My biggest complaint about this book is the same complaint I've had about the other two. The cover art was badly choosen. It looks like it's aimed at a younger audience than those who actually enjoy it, and this time they got the wrong dragon on the cover by the eggs. And that just bugs me.
Silver Phoenix is an exquisite Asian fairytale, something I’ve been hoping for for some time. Of course, my knowledge of ancient China is pretty limit...moreSilver Phoenix is an exquisite Asian fairytale, something I’ve been hoping for for some time. Of course, my knowledge of ancient China is pretty limited, but it felt very authentic to me, and we can chalk up any problems to the fact that this is fantasy, and not exactly China. I especially loved how Pon stayed true to restrictions and prejudices toward girls, but worked around them in a way that didn’t make me go "But.. but… one girl is not going to change the gender prejudices of a whole nation!!!!!" It was great to see a fairytale style story that is very distinctly set in a non-western country, and one that doesn’t feel like it was just transplanted there without regard for all the little nuanced differences that come between western and eastern societies.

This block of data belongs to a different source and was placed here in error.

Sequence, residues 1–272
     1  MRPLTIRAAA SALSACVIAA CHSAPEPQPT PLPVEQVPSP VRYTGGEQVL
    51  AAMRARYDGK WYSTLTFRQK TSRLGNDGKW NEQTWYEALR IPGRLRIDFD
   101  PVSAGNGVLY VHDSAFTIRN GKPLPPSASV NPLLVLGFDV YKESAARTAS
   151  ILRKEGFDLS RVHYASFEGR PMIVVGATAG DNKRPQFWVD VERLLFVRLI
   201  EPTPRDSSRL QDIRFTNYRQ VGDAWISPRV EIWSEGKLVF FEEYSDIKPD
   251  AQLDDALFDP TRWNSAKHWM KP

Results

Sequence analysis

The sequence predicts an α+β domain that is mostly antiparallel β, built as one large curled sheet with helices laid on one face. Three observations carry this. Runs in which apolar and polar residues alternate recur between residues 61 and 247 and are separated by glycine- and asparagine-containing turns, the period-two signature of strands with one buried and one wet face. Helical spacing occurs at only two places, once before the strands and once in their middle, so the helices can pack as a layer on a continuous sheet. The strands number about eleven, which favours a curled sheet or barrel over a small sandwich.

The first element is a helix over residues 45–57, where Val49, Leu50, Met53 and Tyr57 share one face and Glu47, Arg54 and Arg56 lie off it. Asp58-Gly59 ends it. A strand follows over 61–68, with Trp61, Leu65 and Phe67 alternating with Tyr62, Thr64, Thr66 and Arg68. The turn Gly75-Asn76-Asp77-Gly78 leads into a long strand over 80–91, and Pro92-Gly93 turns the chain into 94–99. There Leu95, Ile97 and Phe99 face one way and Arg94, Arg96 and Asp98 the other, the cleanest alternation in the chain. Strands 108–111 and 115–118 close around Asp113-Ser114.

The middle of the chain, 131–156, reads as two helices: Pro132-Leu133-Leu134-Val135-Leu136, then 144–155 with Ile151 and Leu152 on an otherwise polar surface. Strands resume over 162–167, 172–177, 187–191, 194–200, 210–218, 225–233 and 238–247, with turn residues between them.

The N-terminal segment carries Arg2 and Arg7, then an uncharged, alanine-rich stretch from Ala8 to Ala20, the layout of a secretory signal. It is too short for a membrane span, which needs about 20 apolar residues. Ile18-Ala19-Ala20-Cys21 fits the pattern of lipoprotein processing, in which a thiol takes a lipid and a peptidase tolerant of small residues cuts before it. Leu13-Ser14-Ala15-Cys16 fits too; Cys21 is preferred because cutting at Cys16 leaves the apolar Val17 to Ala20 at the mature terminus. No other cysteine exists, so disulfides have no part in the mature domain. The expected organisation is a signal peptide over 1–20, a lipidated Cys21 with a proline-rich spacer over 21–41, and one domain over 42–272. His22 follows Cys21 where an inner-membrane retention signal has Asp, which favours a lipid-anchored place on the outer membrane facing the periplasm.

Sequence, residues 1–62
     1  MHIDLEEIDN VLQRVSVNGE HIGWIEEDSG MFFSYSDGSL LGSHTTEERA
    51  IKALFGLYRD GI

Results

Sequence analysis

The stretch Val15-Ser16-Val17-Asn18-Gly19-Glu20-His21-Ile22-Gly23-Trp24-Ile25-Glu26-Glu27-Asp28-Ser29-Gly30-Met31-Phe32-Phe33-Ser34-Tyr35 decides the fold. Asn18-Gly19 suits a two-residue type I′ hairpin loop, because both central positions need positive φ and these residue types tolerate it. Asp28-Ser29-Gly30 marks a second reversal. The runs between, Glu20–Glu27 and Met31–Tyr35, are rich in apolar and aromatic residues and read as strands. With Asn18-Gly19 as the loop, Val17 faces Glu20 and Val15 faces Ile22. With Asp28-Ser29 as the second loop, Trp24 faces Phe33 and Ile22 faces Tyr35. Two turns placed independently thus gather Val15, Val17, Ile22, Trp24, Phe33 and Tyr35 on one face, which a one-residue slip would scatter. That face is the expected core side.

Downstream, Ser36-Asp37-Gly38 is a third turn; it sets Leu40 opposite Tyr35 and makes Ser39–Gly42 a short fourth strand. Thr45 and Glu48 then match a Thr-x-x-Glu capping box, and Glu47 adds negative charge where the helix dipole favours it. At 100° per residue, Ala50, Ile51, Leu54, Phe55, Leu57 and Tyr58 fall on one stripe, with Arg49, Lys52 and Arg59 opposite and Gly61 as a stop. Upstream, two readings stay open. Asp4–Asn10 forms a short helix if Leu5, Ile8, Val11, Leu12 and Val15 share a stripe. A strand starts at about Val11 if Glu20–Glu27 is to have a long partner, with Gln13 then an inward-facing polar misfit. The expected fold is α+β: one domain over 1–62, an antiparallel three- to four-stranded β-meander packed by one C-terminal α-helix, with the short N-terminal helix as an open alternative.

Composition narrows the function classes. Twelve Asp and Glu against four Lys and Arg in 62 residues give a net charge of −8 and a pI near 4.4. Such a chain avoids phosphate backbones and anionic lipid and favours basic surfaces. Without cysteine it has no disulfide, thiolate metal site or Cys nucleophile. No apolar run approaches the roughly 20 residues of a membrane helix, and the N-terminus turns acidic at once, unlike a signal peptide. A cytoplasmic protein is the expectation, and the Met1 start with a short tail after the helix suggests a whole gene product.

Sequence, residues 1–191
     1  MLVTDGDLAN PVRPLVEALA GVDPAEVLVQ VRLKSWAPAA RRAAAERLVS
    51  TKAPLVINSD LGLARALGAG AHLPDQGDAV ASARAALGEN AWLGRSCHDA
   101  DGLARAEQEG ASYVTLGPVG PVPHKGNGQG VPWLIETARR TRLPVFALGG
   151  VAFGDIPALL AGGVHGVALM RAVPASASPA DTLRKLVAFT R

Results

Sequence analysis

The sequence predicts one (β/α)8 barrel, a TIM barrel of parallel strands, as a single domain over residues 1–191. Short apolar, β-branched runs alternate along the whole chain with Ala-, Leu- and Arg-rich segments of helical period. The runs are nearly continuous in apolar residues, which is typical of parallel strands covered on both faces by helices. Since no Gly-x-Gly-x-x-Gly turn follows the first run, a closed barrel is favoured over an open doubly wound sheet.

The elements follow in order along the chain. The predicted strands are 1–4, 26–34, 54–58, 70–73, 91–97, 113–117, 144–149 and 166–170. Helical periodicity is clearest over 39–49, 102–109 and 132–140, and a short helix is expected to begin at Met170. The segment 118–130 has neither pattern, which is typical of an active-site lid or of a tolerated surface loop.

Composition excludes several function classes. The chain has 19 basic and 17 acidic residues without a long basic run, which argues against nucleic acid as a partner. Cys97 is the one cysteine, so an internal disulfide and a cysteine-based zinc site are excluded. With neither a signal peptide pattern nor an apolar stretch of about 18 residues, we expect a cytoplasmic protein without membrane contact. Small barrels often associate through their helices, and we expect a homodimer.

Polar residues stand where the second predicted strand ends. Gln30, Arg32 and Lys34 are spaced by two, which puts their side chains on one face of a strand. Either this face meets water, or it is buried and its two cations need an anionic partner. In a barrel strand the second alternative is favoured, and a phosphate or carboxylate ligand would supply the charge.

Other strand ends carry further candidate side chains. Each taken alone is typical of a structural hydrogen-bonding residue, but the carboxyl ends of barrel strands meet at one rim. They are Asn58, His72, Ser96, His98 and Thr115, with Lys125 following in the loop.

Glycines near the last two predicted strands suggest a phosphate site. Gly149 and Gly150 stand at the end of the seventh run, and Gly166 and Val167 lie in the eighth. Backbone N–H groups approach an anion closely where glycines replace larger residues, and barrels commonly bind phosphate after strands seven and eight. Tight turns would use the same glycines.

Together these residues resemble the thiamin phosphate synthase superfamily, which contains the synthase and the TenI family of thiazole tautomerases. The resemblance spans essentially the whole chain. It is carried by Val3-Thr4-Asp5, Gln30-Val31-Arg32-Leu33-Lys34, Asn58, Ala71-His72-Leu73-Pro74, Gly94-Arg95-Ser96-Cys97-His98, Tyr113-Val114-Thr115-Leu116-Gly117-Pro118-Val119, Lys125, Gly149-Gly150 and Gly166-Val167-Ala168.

Another element I found well done was the topic of sex. The book opens on Ai Ling pretty much getting a sex ed lesson from her mother, about her duties as a wife, and throughout the book the topic of sex and purity is artfully and realistically woven into the story. Of course that makes me hesitate to say it’s appropriate for kids under 13, without knowing the kid, but I must commend the author on her good usage of the subject. I’m tired of books that use sex as purely a "look, kids, we’ve got smut!" or where girls are constantly threatened with rape ’cause they are girls in a male dominated society. The issues of sex, rape, and purity, though, were of great importance in earlier societies, so I also dislike it when authors glaze over them or pretend "oh, let’s have a medieval society, except everybody is openly promiscuous and the guy totally won’t care if he doesn’t know if he’s the father of the kid." Those kind of social changes take a lot more background history modification. But I’m digressing, and my grand debate about women’s roles in older societies can be left for a different day.